Are you shopping for new parts for your motorcycle or scooter right now?

Then, you might be wondering whether you buy an aftermarket part or an OEM one.

Are OEM parts really worth the extra price?

Perhaps you don’t know the difference between an aftermarket and an OEM part?

If that’s the case, stick around, because in this blog post, you’ll discover:

  • The differences between aftermarket vs. OEM parts
  • How to decide which is the best choice for you
  • 4 things to know before you buy new parts for your bike

Aftermarket vs. OEM parts

What is an OEM part?

An OEM, or “Original Equipment Manufacturer” part is made by the brand’s manufacturer.

For example, if you buy an OEM part for a Kymco Agility, that part is actually made by Kymco.

What is an aftermarket part?

Aftermarket parts are made by third-party companies that may or may not have any connections to the original manufacturer.

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    Aftermarket vs. OEM parts – Which One Should You Buy?

    There’s no clear-cut answer to that question, as each type comes with its own advantages and disadvantages.

    When shopping for an aftermarket part, there are always going to be some risks – especially when it comes to quality.

    With that in mind, there are many good aftermarket brands – you just need to do your research.

    An OEM part might cost more than an aftermarket part, but you’re more likely to get a good quality replacement part for that price.

    Take that with a grain of salt, however. 

    Why? Because even the best and most respected motorcycle and scooter brands make OEM parts that are not up to snuff.

    So, which one is it going to be?

    In the end, it all comes down to this:

     

    • Would you spend a little extra money on a genuine OEM part?
    • Are you willing to take a risk by getting an aftermarket part?

    4 Things You MUST Know Before Buying New Parts For Your Bike (OEM or Aftermarket)

    1. Be 100% sure of your make and model

    Perhaps it sounds like I’m treating you like an idiot by telling you this. But I’m not – I’m saving you from feeling like one.

    The most important thing for you to remember is this – parts aren’t interchangeable between brands. An air filter for a Kawasaki will look different from a BMW.

    Not only that, but parts aren’t necessarily interchangeable between models within the same brand.

    So how can you determine what make and model you’ve got? Try the VIN.

    What’s the VIN?

    The VIN is like the birth certificate for your bike – if you enter your bike’s VIN into a vehicle database, it will tell you the manufacturer, model, and year the bike was made.

    Usually, the VIN is stamped on the frame, but consult your owner’s manual for more precise information.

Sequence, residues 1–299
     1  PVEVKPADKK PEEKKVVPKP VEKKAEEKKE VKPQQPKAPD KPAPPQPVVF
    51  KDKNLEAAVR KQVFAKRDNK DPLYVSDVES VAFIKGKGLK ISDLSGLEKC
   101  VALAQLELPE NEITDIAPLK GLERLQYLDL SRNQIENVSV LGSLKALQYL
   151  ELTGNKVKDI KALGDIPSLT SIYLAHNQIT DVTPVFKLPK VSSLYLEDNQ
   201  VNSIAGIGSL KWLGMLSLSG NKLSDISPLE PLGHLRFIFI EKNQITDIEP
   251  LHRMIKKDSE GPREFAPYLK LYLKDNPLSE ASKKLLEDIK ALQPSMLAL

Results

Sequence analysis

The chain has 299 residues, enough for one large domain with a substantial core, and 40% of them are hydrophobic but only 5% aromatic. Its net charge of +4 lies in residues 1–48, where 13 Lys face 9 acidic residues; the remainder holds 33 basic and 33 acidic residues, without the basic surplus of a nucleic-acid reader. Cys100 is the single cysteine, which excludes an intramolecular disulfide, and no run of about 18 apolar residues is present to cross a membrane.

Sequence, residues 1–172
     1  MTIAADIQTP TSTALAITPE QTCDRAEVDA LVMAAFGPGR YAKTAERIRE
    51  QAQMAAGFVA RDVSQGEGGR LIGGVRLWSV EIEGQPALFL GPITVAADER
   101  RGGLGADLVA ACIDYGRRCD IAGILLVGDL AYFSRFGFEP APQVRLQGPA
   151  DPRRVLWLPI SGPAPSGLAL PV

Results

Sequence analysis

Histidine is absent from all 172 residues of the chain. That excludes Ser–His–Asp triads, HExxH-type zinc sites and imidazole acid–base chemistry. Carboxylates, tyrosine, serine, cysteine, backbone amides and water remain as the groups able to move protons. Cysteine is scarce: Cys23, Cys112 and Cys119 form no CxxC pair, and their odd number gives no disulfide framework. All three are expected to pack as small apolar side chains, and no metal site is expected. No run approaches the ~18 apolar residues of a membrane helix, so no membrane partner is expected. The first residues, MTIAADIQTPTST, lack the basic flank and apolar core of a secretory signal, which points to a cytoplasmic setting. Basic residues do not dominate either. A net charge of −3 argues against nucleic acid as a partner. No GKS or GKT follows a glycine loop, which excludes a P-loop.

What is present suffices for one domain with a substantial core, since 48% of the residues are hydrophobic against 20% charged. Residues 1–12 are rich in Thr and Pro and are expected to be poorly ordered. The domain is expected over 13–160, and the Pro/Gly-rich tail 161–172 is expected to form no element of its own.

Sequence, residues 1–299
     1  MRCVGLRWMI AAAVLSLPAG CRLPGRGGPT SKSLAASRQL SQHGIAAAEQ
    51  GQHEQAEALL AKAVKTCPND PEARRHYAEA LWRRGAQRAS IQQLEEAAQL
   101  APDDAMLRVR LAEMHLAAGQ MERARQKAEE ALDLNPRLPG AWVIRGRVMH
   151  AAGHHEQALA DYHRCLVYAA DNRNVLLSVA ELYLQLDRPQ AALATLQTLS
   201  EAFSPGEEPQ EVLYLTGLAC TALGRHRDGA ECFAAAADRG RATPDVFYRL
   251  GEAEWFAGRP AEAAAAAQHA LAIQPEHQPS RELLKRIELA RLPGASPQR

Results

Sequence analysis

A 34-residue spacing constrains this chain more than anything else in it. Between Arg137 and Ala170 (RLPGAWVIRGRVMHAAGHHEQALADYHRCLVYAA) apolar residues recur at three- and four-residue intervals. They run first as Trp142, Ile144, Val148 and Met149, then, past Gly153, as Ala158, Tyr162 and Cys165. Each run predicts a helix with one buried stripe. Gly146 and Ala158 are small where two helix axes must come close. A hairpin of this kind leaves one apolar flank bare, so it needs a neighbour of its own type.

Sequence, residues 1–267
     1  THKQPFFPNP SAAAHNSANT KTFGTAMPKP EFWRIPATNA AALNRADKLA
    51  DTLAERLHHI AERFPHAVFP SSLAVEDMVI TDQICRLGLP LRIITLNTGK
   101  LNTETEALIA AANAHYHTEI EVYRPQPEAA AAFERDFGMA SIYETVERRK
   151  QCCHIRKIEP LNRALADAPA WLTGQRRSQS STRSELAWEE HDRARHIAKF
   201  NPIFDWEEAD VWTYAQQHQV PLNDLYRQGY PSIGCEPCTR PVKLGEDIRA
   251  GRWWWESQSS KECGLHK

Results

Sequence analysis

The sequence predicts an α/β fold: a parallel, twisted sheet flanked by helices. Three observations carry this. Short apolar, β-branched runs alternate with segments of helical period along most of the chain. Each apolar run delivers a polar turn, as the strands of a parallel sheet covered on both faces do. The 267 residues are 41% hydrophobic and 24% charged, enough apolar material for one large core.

The engine also has its unique identification number, which is usually stamped on the engine case or the rear of the transmission case.

    Again, just like the VIN, check your owner’s manual for the location of the engine number on your bike. 

    2. Electrical components are NOT returnable

    Are you buying a new bulb or a starter motor for your motorcycle? Then pay attention.

    While it’s essential to get the right part for the right bike, at least you can return most of them to the store.

    This isn’t the case with electrical components, however. If you buy a new starter motor and you find that it doesn’t fit – most stores won’t let you return it.

    Therefore, make extra sure that you’re getting the correct electrical component – this will save you:

    1. Time
    2. Money
    3. The frustration and anxiety that comes from wasting money on the wrong part

     

    3. Use the old component as a reference point

    Before you throw out that old part – don’t. It’s still valuable.

    Pay particular attention to the shape of it, but also any serial numbers that might be stamped on it.

    This gives you a complete 360° overview of what the replacement component is suppose to look like.

    If you can, bring the old component with you to the motocycle parts store – that way, it will be easier for the staff to find and sell you the correct part. 

    Haven’t removed the part yet?

    Even better! If you haven’t removed the old part yet, take a photo of it. By doing this, you’ll know:

    1. Where it’s supposed to go
    2. Which way it’s supposed to go
    3. If there are any cables or hoses connected to it

    All of these things will help you when you’re putting the new part on.

    4. Don’t Be Cheap – Buy From a Reputable Company

    No, this doesn’t mean that you have to shell out the equivalent of $2,000 for an aftermarket (or OEM part) exhaust. 

    But as the headline above states: “don’t be cheap.”

    There’s a reason why the phrase “you get what you pay for” exists – often, “cheap” doesn’t equal “high-quality.”

    A component like a head gaskets might actually end up causing more damage to your engine if you one that’s dirt cheap.